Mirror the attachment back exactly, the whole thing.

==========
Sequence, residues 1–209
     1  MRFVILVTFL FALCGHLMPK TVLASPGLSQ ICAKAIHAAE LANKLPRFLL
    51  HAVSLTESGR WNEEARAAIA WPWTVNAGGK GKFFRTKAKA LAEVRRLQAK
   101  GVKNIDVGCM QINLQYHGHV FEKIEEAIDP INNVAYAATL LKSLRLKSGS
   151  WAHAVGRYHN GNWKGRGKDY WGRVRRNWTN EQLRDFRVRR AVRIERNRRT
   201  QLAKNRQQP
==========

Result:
Sequence, residues 1–209
     1  MRFVILVTFL FALCGHLMPK TVLASPGLSQ ICAKAIHAAE LANKLPRFLL
    51  HAVSLTESGR WNEEARAAIA WPWTVNAGGK GKFFRTKAKA LAEVRRLQAK
   101  GVKNIDVGCM QINLQYHGHV FEKIEEAIDP INNVAYAATL LKSLRLKSGS
   151  WAHAVGRYHN GNWKGRGKDY WGRVRRNWTN EQLRDFRVRR AVRIERNRRT
   201  QLAKNRQQP